Sponsored by Passenger Technology Solutions.
Last week, the world’s largest gathering focused on Passenger Experience descended on Hamburg, and from one end of the exhibition halls to the other, one theme loomed large: personalisation.
From what food to serve to what inflight entertainment to offer, every airline was focused on transforming travel from a homogenous experience that passengers endure, to a journey so personalised that consumers’ needs are met before they even know they have them.
This time it’s personal
The word of the week through all of this was data: how much there is of it, how tough it is to manage and analyse and how much harder still it is to unearth something resembling an actionable insight from the deluge of information available.
The backdrop to this ongoing discussion could hardly have been more apposite. As attendees flowed through the aisles in Hamburg, Facebook CEO Mark Zuckerberg was facing a barrage of questions from the US Congress around privacy and how consumers’ data is used. Meanwhile the shadow of the impending GDPR regulations hung over the halls.
Against this backdrop, it was hardly surprising that appropriate use of data took centre stage.
From the moment Passenger Experience Conference kicked off on Monday, to the closing moments of the last Passenger Technology Solutions (PTS) session on Thursday, a running theme was how to strike a balance between respecting passenger privacy and using data to personalise and streamline the passenger journey. There was a pressing awareness that anyone planning to dabble in ‘big data’ would need to get it right.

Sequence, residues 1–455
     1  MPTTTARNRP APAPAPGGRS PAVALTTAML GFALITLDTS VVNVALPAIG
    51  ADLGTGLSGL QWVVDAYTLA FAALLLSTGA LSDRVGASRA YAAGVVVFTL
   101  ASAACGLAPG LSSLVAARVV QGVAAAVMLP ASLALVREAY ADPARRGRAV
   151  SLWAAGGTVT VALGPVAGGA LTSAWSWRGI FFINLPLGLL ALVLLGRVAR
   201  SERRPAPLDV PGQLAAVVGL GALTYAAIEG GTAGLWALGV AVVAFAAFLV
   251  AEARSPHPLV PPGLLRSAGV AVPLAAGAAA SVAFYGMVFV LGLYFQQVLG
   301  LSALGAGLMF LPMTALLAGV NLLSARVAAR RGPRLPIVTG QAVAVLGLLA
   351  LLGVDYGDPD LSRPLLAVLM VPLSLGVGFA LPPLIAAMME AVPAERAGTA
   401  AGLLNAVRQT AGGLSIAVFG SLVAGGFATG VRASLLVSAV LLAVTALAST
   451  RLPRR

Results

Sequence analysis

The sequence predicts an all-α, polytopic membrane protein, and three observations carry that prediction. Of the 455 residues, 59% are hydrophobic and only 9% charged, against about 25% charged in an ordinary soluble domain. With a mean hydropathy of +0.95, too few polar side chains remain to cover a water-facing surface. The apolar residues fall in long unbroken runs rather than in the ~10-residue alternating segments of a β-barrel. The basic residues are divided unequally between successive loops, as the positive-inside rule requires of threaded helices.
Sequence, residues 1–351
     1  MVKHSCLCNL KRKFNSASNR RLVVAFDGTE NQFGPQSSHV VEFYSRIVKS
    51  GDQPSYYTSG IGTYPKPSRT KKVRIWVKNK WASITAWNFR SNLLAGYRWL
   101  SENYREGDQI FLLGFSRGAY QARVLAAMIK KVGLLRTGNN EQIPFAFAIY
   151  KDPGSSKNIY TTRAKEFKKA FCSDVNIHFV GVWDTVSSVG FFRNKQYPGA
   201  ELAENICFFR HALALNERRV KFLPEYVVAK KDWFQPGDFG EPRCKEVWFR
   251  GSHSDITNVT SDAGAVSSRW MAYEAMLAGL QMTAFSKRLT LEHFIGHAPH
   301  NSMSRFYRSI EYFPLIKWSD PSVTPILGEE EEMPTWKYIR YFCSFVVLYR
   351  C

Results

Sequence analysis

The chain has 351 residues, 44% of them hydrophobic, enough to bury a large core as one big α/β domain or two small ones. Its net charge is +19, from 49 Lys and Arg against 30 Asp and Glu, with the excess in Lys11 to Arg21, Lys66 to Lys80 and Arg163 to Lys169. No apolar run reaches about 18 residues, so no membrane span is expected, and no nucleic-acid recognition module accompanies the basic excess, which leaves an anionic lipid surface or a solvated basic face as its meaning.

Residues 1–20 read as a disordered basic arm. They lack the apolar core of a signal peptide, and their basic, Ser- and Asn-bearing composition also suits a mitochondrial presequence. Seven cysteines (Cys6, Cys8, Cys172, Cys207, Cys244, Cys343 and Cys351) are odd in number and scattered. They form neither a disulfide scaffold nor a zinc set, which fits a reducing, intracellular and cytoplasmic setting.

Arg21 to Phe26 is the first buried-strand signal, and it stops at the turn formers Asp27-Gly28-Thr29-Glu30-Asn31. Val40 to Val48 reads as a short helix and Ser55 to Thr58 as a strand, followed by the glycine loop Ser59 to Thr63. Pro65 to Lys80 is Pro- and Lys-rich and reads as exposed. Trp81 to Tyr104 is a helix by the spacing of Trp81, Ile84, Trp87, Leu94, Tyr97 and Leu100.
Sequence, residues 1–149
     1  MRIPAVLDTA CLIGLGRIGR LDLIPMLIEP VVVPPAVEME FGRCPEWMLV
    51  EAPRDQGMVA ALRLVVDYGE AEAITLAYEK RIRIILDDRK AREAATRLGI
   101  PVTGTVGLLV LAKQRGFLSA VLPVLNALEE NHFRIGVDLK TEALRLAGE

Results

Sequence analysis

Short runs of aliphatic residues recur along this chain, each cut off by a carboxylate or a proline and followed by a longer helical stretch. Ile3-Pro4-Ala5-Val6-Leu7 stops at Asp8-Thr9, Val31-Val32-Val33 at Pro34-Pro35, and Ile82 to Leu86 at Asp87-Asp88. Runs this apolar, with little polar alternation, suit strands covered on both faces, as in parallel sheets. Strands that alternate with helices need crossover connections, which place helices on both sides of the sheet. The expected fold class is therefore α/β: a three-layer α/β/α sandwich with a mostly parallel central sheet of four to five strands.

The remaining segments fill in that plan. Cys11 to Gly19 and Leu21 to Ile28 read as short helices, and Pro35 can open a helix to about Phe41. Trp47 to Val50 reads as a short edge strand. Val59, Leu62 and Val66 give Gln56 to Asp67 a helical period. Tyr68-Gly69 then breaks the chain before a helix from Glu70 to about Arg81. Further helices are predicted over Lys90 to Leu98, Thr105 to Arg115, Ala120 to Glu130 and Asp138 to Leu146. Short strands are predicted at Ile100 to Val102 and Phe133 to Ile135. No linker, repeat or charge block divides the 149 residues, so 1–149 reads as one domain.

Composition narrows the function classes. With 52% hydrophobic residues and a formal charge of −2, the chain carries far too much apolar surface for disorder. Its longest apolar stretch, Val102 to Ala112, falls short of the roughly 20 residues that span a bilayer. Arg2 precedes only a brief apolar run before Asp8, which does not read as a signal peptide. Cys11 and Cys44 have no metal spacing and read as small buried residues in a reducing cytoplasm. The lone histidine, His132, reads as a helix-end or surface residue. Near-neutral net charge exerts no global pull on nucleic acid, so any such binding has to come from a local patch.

Real solutions to a pressing problem
Whilst the anxiety over data management was palpable, this year’s Passenger Experience Week offered a clear remedy: a whole area dedicated to potential solutions. Passenger Technology Solutions, a new event, was launched to focus on integrating and personalising the passenger journey. And in spite of their variety, its exhibitors shared one crucial trait: a willingness to get deeply involved with data.
Black Swan Data were one of the stars of the show. At the start of the event the data analytics company announced an alliance with gategroup to analyse passenger data and social media trends to predict exactly what menu items people would choose – enabling people to order their meals as they boarded. An initial project by the two companies has already reduced food wastage by up to 50% and increased productivity by 15%.
Chatbot developer Aviget offered a solution to another data-related problem: the sheer volume of customer interactions that airlines have to deal with. Using machine learning, they enable airlines to engage passengers on a one-to-one basis across platforms such as Facebook Messenger, Viber and WeChat. The technology uses Natural Language Processing to understand phrases like ‘find me a flight from Heathrow for under $150 that arrives in Jakarta on Boxing Day’ or ‘am I allowed two carry-on bags?’.